03. 東京事変 [Tokyo Jihen] - スポーツ [Sports]
I have mentioned previously that I think Katsuhiko Maeda is one of the most important contemporary musicians in Japan. Well, he shares the honor of that title along with Shiina Ringo, who is arguably more important due to her status as a quite well-known pop star, significantly broadening the scope of her impact. As a solo artist, she proved herself capable of hopping and blending genres with apparent ease, combining this with strong songwriting and production skills as well as obtuse lyrics riddled with archaic kanji and provocative themes. She is weird, to say the least, but she is the kind of weird that popular music needs--enough of a visionary to drive the genre forward without completely losing her audience. I cannot express my admiration of her music enough, and her 2003 album Karuki Zamen Kuri no Hana would place confidently within my top five favorite albums of all time.
I was never much of a Tokyo Jihen fan, though. Tokyo Jihen emerged from Shiina's live backing band, which turned into this side project that ended up dominating her musical output for the latter half of the noughties. After the lavish excessiveness that defined KZKH, Tokyo Jihen represented a step back into simpler territory, constrained by the limits of a five-person band and not straying too far from a jazz-rock sound. It took a while for me to warm up to their albums, and even then I preferred Shiina's solo stuff. Sports changed that, however, as it hooked me immediately, and I may like it even more than Shiina's 2009 album Sanmon Gossip.
Their signature jazz-rock sound is still there, but this album takes a definite turn towards the poppier and the more experimental. It is still a rock album through and through, and though I have already expressed my disdain for much of modern rock, when it is done well and interestingly, as per this album, it is fucking fantastic. Tokyo Jihen really prove how much can be done within the constraints of a typical rock ensemble. Electronic and studio wizardry are present, but their contributions are largely minimal, yet quite effective.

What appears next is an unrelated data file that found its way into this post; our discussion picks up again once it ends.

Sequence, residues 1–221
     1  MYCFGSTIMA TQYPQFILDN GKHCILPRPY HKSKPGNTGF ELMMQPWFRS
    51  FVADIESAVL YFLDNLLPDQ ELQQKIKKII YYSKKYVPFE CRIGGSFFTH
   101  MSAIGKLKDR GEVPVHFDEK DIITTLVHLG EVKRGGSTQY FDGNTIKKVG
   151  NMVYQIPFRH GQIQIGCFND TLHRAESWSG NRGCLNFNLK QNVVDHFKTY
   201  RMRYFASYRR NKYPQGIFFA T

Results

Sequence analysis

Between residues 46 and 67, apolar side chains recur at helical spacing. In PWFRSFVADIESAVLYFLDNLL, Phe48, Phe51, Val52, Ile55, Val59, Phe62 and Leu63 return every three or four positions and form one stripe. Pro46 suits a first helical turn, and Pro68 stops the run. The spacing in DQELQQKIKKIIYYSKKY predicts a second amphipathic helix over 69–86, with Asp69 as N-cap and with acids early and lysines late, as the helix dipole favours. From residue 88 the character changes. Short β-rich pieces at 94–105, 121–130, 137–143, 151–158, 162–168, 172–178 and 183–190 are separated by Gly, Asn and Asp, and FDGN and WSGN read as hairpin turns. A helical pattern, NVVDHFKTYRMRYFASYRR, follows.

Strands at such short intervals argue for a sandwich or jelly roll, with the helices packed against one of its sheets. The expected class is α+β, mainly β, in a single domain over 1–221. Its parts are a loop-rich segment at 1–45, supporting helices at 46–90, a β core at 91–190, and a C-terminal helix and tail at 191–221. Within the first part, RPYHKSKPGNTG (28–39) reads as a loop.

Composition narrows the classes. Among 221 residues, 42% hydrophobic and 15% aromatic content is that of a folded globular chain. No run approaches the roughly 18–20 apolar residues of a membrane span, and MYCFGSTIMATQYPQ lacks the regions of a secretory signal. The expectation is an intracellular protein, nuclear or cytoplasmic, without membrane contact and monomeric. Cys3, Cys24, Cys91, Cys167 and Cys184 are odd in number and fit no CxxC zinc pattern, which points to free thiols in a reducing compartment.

I loved this album from the first moments of the first track (did I already write this?). It begins entirely a cappella, much like another album on this list, and it is nothing but spine-chilling choral harmony for two-and-a-half minutes. This gorgeous introduction is mirrored in the album's final, and my favorite, track. It begins almost like a carnival ride, with lackadaisical triplets from the guitars and an air of mystery from Shiina's vocals. The song builds and builds as more instruments are added into the mix, until finally the track explodes when the drums enter. Everyone sings and plays, the piano line continues to build tension, the drummer goes berserk, and the song devolves into beautiful and cathartic noise. It is an absolutely sublime conclusion to the album, and I had no idea Tokyo Jihen could produce something like this prior to hearing it.
The rest of the album is filled with catchy, jazzy, and poppy rock tunes. I really like "シーズンサヨナラ," with its relentless upbeatedness, harmonics in the backing vocals, and awesome piano. "能動的三分間" begins with a very cool industrial-esque electronic beat, and overall is a particularly strong single, clocking in, as the title suggests, at exactly three minutes. Tokyo Jihen get very smooth on "FAIR," and very sweet on "スイートスポット." Impressively, every song here is distinctive, yet they all manage to cohere into a very satisfying experience as a whole.
I was not expecting to like this album as much as I did, and perhaps some of that surprise factor is why I still am listening to it fairly often into the end of this year. I think it is Tokyo Jihen's most consistent album yet, showcasing the always impressive songwriting chops of front woman Shiina Ringo, as well as the writing capabilities of the other band members. This is an unconventional rock album that knows how to feel novel and unfamiliar in all of the right places.